Grassroots bid to suspend ASTI action demands special convention
Leadership has criticised move and urged teachers to respect previous ballot
Secondary-school action: ASTI teachers “are questioning our campaign of passive resistance due to the pain it is inflicting on members”, according to Noel Buckley, a Tipperary-based teacher. Photograph: Don MacMonagle
A grassroots faction of the Association of Secondary Teachers Ireland wants the union to hold a special convention to discuss a possible suspension of its campaign of industrial action.
This follows the handing over of a petition of more than 1,000 signatures to the union’s head office on Wednesday, calling for the issue to be urgently debated. Under the union’s rules 800 members’ signatures must trigger a special convention within six weeks.
The union’s leadership was criticised by some members during its annual convention last month; one member described it as the “North Korea of the trade-union movement”.
The ASTI is the only public-sector union to reject the Lansdowne Road agreement, which has triggered financial losses for members and delayed access to contracts for new teachers. Suspending industrial action would restore increments and other payments to ASTI members, along with faster access to contracts.
On Wednesday afternoon Noel Buckley, a Tipperary-based teacher, and Brendan Broderick, a former president of the union, handed over a petition of 1,141 signatures. Mr Buckley said the number of members who had signed it within a week showed the depth of concern about the union’s strategy.
“They are questioning our campaign of passive resistance due to the pain it is inflicting on members,” he said. “There is a lot of anger in schools. Teachers who are due CIDs” – contracts of indefinite duration – “are not getting them, and many people have had their increments frozen.”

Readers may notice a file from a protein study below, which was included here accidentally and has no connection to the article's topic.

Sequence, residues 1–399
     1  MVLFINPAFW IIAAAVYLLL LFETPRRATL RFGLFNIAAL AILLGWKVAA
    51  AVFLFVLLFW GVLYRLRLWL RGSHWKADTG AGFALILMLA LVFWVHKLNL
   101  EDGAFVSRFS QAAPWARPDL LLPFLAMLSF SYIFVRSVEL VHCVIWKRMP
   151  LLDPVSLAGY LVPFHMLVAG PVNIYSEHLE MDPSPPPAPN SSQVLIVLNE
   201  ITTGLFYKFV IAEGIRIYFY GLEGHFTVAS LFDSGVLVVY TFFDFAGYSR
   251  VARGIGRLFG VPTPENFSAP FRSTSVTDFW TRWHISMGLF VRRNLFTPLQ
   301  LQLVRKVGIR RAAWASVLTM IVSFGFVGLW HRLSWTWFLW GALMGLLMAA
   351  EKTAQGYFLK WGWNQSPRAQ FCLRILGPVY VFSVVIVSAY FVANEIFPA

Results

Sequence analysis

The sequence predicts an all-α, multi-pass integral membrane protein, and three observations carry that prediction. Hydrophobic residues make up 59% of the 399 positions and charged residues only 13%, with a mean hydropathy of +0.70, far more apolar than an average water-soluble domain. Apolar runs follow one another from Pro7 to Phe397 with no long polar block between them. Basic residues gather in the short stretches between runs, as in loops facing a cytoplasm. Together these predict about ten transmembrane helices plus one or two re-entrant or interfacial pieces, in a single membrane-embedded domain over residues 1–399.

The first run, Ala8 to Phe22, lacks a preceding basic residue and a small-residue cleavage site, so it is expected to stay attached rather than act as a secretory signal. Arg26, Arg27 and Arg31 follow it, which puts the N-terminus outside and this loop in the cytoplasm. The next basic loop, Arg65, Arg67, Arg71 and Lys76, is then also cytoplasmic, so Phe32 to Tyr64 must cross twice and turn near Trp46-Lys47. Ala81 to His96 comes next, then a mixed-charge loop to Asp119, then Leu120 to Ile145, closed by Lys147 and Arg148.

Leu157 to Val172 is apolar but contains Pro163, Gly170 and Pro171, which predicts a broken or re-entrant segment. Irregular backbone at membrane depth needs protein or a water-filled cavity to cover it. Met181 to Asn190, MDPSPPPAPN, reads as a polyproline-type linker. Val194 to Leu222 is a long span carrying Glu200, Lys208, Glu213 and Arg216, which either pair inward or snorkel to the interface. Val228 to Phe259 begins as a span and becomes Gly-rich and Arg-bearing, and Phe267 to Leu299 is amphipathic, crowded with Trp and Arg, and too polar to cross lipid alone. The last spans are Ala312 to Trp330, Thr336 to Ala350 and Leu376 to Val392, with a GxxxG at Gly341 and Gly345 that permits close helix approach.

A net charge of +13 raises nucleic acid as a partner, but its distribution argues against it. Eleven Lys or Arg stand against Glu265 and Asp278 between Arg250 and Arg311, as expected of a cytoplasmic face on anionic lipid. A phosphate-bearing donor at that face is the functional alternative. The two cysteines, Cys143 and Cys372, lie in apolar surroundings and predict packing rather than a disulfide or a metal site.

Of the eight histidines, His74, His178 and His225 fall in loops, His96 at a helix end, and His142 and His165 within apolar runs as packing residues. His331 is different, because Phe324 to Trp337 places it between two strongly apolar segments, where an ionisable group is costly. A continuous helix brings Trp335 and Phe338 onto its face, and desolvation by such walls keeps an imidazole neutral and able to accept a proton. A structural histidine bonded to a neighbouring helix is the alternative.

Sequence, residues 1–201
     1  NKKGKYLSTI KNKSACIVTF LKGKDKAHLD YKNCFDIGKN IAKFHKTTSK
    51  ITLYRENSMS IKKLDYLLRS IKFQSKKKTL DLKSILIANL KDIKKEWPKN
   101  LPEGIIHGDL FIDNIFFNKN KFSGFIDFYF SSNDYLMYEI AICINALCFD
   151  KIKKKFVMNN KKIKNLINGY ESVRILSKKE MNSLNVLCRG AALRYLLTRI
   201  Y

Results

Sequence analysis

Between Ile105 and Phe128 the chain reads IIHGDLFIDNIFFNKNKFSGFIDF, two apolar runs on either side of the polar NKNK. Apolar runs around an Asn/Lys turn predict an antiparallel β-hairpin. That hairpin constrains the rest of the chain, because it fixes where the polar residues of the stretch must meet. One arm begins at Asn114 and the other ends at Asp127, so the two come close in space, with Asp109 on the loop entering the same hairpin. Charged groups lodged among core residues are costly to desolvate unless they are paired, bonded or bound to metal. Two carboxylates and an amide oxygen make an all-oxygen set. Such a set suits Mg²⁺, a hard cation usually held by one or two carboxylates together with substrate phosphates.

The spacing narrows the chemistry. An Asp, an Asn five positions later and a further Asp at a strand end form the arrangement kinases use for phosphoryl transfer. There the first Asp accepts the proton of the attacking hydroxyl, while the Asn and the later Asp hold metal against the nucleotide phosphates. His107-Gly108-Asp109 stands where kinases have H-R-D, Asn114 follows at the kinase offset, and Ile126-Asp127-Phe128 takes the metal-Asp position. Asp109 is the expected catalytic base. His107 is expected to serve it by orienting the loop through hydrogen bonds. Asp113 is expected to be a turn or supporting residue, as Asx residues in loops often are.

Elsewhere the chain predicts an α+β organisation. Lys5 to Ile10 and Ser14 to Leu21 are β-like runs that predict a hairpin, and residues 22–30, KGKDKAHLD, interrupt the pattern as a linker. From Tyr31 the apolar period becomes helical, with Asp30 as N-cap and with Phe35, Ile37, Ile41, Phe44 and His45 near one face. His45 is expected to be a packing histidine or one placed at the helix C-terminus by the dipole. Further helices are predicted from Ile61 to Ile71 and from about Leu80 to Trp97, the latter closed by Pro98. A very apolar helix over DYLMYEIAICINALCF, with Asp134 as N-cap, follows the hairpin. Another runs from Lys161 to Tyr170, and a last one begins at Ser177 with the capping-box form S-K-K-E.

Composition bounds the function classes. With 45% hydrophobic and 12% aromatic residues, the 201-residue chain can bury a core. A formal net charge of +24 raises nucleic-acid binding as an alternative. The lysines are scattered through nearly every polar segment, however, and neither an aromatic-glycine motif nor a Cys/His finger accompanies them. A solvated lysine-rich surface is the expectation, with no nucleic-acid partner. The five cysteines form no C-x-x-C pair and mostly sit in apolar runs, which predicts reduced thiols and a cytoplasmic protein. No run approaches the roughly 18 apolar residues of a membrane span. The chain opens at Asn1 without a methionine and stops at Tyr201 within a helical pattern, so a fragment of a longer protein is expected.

Mr Buckley said he expected the union to respect the wishes of members and hold a special convention to debate the pros and cons of suspending industrial action before the end of the school year.
The petition sparked a critical response from the ASTI president, Ed Byrne, who said last week that the petition had not been approved by union officers. That it had not been sent to all members “calls into question its democratic nature”, he said. Mr Byrne has urged members to “respect the mandate” of the ballot, and said a move to revisit the vote could have implications for any future ballots.
The issues are likely to be discussed by the ASTI’s standing committee and by its 180-member central executive committee. They are due to meet this week, against a backdrop of internal tension and falling membership. Sources say that more than 500 members have left the union this year. There are reports that significant numbers have joined the Teachers’ Union of Ireland, although trade-union rules ban this during industrial disputes.
Mr Byrne has said that claims the union was “haemorrhaging” members are overstated. He said figures released in December showed that its membership had risen to more than 18,000.